19. 19.
    Vladimirov, Yu. A., Olenev, V. I., Suslova, T. B., Cheremisina, Z. P. (1980) Lipid peroxidation in mitochondrial membrane. Adv. Lipid. Res. 17, 173–249.CrossRefGoogle Scholar
  20. 20.
    Wright, 1 R., Rumbaugh, R. C., Colby, H. D., Miles, P. R. (1979) The relationship between chemi-luminescence and lipid peroxidation in rat hepatic microsomes. Arch. Biochem. Biophys. 192, 344–351.CrossRefGoogle Scholar
  21. 21.
    Cherel, Y., Verdon, C., Ridoux, V. (1993) Seasonal importance of oceanic myctophids in King penguin diet at Crozet Islands. Polar Biol. 13, 355–357.Google Scholar
  22. 22.
    Raclot, T., Groscolas, R., Cherel, Y. (1998) Fatty acid evidence for the importance of myctophid fishes in the diet of King penguins, Aptenodytespatagonicus. Mar. Biol. (Berl). 132, 523–533.CrossRefGoogle Scholar
  23. 23.
    Decrock, F., Groscolas, R., McCartney, R. J., Speakew, B. K. (2001) Transfer of n-3 andn-6 polyunsaturated fatty acids from yolk to embryo during development of the King penguin. Am. J. Physiol. Regul. Integr. Comp. Physiol. 280, R843-R853.Google Scholar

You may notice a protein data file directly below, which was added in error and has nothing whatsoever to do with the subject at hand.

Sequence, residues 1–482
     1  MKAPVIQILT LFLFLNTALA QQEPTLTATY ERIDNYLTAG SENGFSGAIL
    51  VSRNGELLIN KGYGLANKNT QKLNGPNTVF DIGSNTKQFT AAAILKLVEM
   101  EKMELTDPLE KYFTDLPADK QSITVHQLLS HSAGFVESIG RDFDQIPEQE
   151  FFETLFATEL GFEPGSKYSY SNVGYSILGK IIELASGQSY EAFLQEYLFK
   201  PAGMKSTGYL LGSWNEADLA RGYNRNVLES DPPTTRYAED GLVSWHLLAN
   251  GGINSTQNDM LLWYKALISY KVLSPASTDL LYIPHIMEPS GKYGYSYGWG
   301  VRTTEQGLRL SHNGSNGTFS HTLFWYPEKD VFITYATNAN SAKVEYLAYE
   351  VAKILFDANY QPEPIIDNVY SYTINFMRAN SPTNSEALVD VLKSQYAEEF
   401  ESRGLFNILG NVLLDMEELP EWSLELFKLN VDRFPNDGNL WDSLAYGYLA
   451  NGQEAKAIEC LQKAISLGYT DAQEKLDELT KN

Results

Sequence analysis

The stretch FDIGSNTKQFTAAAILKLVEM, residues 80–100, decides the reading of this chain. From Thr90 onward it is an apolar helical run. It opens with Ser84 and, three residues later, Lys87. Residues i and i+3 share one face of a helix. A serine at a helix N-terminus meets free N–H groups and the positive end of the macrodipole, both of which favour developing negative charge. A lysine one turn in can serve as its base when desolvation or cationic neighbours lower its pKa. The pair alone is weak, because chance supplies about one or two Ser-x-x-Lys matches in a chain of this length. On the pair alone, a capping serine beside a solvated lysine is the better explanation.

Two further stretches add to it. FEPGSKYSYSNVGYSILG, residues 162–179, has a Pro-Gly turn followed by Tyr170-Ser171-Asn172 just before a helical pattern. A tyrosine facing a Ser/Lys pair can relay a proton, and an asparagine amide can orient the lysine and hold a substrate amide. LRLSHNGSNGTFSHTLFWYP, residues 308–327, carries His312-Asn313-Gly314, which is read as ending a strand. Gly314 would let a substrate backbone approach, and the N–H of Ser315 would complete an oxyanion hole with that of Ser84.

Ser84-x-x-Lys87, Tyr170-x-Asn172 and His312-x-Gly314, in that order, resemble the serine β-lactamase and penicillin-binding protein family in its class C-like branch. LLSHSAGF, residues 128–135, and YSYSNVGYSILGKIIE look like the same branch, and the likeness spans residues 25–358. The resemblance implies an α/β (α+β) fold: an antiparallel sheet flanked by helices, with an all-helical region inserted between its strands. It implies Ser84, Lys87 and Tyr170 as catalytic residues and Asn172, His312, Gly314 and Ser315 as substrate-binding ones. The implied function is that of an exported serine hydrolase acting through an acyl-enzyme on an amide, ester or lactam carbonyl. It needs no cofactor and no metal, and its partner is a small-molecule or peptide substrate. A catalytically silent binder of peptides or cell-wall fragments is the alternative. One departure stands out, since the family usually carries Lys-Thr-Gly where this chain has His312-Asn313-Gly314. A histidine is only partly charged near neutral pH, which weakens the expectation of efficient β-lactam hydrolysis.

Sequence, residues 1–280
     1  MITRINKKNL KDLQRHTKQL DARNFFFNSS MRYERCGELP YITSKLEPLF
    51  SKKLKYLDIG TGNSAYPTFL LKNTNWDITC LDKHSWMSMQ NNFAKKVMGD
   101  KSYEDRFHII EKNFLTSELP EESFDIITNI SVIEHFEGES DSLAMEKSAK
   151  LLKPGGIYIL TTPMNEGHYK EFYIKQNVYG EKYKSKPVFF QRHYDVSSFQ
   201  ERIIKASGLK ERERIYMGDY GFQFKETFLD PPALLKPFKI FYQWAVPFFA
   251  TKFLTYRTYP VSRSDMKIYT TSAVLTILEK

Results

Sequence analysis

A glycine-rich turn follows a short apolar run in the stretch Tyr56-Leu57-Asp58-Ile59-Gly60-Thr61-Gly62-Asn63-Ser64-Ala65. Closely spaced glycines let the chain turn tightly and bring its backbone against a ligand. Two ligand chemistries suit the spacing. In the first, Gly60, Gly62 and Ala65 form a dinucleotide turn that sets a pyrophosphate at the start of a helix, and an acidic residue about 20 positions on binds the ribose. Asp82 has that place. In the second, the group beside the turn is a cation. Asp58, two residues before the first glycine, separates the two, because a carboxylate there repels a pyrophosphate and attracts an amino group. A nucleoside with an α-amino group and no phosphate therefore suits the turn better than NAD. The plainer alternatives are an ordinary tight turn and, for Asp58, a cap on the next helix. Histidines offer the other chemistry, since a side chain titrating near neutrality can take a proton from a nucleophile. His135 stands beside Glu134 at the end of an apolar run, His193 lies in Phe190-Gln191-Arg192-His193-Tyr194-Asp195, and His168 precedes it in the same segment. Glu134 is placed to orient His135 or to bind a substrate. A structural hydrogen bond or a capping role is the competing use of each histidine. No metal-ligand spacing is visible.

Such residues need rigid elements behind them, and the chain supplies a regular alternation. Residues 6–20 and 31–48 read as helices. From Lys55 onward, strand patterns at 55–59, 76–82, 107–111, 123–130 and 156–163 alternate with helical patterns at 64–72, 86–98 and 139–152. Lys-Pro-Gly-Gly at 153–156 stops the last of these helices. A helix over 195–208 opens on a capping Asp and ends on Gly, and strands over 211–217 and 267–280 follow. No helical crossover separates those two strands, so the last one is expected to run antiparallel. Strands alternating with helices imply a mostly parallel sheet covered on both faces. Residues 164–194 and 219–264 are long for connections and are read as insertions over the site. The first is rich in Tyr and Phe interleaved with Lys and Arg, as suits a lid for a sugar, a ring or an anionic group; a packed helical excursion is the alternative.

Copyright information

© Akadémiai Kiadó, Budapest 2008

This article is distributed under the terms of the Creative Commons Attribution 4.0 International License (http://creativecommons.org/licenses/by/4.0/), which permits unrestricted use, distribution, and reproduction in any medium, provided you give appropriate credit to the original author(s) and the source, provide a link to the Creative Commons license, and indicate if changes were made.

Authors and Affiliations

  • Mariana Gavazza
    • 1
  • Mónica Marmunti
    • 1
  • D. Montalti
    • 2
  • Ana María Gutiérrez
    • 1
    • 2
    Email author
  1. 1.Cátedra BioquímicaFacultad de Ciencias. VeterinariasArgentina
  2. 2.Cátedra de Fisiologia Animal, Facultad de Ciencias Naturales y MuseoUniversidad Nacional de La PlataLa PlataArgentina

Personalised recommendations